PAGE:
A funk-infused tune for steel band based loosely in the tonal framework of D major. The back line lays down a solid groove while the melody in the tenors weaves nimbly in and out of the key. A gradually intensifying jam capped off with a final push to the end complete the tune nicely.
This is a fun, high-energy calypso that will have the audience up on their feet! I composed “Carpe Diem” during the time I had the Sons Of Steel steel band. It was written with performance in mind with lots of room for cool choreography, which the “Sons” were known for during our live concerts.
This lively calypso packs a punch! Through great voicing and effective stops, this danceable melody will please your audience. This piece was commissioned specifically for beginning bands, and is a perfect choice for middle and high school steel bands!
This Spanish-tinged calypso from a forthcoming suite chronicling the adventures of Cervantes' Don Quixote is ideal for the intermediate to advanced ensemble. Caribbean syncopation coupled with traditional Iberian harmonies paint a picture of the heroic knight-errant in an epic struggle for his life and sanity.
Schubert's most famous art song based on Goethe's eerie text comes to life in this bomb arrangement. The drama between the father, boy, and earl king unfolds true to Schubert's original, with each character portrayed in a different register. Tension between the boy and the Erlking builds to a climax with a minor jam section perfect for a talented drumset or timbales player. But in the end, the child "war tot!"
This tune was originally commisioned for a Canadian/Caribbean Film called “Finder of Lost Children.” The first part of the piece is rather happy going with a chorus that plays with phrasing the same melody on and off the beat. But then—as in many families—once you scratch the surface, there are often hidden secrets. The middle part of the piece becomes a bit darker and more dramatic. Finally, the last part is a return to the main theme in order to, as a family member might say, “keep up the appearances.”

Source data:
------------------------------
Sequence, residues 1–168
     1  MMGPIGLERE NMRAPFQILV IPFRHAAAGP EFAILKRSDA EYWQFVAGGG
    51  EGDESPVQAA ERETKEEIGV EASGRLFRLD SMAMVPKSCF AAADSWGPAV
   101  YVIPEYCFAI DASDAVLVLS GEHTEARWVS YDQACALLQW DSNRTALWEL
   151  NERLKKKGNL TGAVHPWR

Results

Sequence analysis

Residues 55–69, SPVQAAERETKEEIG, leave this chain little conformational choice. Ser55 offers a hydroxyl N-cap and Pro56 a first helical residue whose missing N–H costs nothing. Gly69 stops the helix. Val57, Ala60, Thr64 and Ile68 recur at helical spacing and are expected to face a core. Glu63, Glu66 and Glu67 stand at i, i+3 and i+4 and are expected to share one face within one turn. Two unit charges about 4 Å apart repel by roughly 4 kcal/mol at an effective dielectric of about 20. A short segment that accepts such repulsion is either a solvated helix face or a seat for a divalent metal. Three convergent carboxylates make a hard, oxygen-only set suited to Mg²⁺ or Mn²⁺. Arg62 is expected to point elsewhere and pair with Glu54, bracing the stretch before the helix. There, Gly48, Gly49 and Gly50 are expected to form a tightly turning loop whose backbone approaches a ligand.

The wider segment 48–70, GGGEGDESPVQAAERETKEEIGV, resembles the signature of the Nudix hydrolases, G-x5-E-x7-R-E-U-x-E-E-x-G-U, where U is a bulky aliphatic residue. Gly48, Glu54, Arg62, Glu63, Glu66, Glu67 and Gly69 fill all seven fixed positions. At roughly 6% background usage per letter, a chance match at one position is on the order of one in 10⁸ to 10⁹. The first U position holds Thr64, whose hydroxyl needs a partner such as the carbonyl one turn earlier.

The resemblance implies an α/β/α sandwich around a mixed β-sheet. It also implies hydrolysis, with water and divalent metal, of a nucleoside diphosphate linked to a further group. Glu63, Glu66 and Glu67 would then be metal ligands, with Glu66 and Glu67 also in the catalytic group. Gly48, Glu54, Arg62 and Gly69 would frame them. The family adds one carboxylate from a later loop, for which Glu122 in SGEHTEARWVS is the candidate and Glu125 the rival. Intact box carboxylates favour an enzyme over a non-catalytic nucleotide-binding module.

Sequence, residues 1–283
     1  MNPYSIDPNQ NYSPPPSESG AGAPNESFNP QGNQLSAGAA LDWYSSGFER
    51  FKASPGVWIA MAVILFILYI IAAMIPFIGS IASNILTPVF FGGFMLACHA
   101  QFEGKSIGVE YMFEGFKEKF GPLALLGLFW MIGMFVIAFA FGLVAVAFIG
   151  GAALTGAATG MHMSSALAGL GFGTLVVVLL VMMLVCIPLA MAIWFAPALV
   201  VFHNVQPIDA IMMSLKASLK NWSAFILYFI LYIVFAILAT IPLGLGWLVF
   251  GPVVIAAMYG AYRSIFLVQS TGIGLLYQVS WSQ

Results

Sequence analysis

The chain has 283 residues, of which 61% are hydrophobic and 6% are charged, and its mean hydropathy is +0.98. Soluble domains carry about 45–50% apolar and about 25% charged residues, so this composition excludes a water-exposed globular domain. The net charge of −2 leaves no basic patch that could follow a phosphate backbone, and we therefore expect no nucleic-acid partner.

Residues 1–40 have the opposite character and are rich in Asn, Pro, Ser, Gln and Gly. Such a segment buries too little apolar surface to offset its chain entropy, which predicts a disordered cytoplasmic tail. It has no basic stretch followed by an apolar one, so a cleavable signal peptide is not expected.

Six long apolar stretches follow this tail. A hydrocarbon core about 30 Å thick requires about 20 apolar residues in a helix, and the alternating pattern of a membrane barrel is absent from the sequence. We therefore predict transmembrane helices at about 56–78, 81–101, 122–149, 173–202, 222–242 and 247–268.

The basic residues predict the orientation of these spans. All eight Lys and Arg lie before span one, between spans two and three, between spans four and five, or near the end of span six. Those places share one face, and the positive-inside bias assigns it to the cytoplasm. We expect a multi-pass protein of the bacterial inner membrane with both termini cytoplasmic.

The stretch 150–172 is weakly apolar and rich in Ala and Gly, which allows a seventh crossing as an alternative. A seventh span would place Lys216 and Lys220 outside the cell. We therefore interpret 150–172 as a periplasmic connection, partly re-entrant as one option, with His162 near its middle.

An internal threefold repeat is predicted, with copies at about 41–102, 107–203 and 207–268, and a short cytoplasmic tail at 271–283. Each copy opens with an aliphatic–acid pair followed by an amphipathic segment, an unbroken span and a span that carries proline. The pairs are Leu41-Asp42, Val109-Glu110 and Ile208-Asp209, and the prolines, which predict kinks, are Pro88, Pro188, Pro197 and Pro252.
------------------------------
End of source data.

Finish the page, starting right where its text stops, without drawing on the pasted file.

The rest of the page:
The melody is nice, easy and carefree, hence the title of the tune, with percussion adding a little drive to the rhythm during the 2nd verse. Then comes a laid back solo to fit the mood perfect for beginning steel pan players. Next, a nice bass and drum break down before the chords and melody come back in to take it out to the end. Ahhhhh…..Not A Care.
This beautiful melody by Harold Arlen will be familiar to many in your audience, and thus a crowd-pleaser. The famous tune from “The Wizard of Oz” has been treated in bomb style, meaning that it has been “calypso-ized” through the application of stylistic calypso rhythms and grooves. After a brief introduction, the tune is presented, followed by a fairly challenging variation for lead and double tenor pans over the first two A sections. A fadeout ending suggests actually going “over the rainbow” to the place where dreams really do come true.
This is an exciting adaptation from Leoncavallo's most famous opera, Pagliacci or, "Clowns." The energetic melody laid out by the front line and the montuno accompaniment in the back line effectively capture the bitter emotions brooding inside of Pagliaccio as he discovers his wife's transgressions. This piece works great as a closer and provides a wonderful opportunity to introduce your students and audience to the Bomb tradition.
“Pan For Ya!” was written with me thinking of playing in Trinidad’s Panorama competition. I wanted to write a piece to give people who have never experienced Panorama a small taste (tease if you will) of what they are missing. I wanted to keep it short and sweet but still have the excitement of a tune played in the world’s greatest steel band competition.
This series was commissioned specifically to provide quality steel band music for beginning steel bands. The six pieces in this collection represent a variety of styles, composers and difficulty and can serve as an entire semester's repertoire.
The first two pieces, Pa Bailar (cha-cha) and Hope (reggae and soca), were composed by composer, performer and educator Jeff Narell. These two tunes are Level 1 difficulty and make great first tunes for middle and early high school steel bands. The groove is really nice, and they could easily be taught by rote
2:00; 2:45; 3:15; 3:00; 2:15; 2:45
T, DT, DS, C, B, Drums
Tenor: C4 – C6
Double Tenor: A3 – C4 (DT is only on Catch Me and You Got Me Going)
Double Seconds: F3 – D5
Cello: B2 – F4
Bass: B1 – E3 (with octave)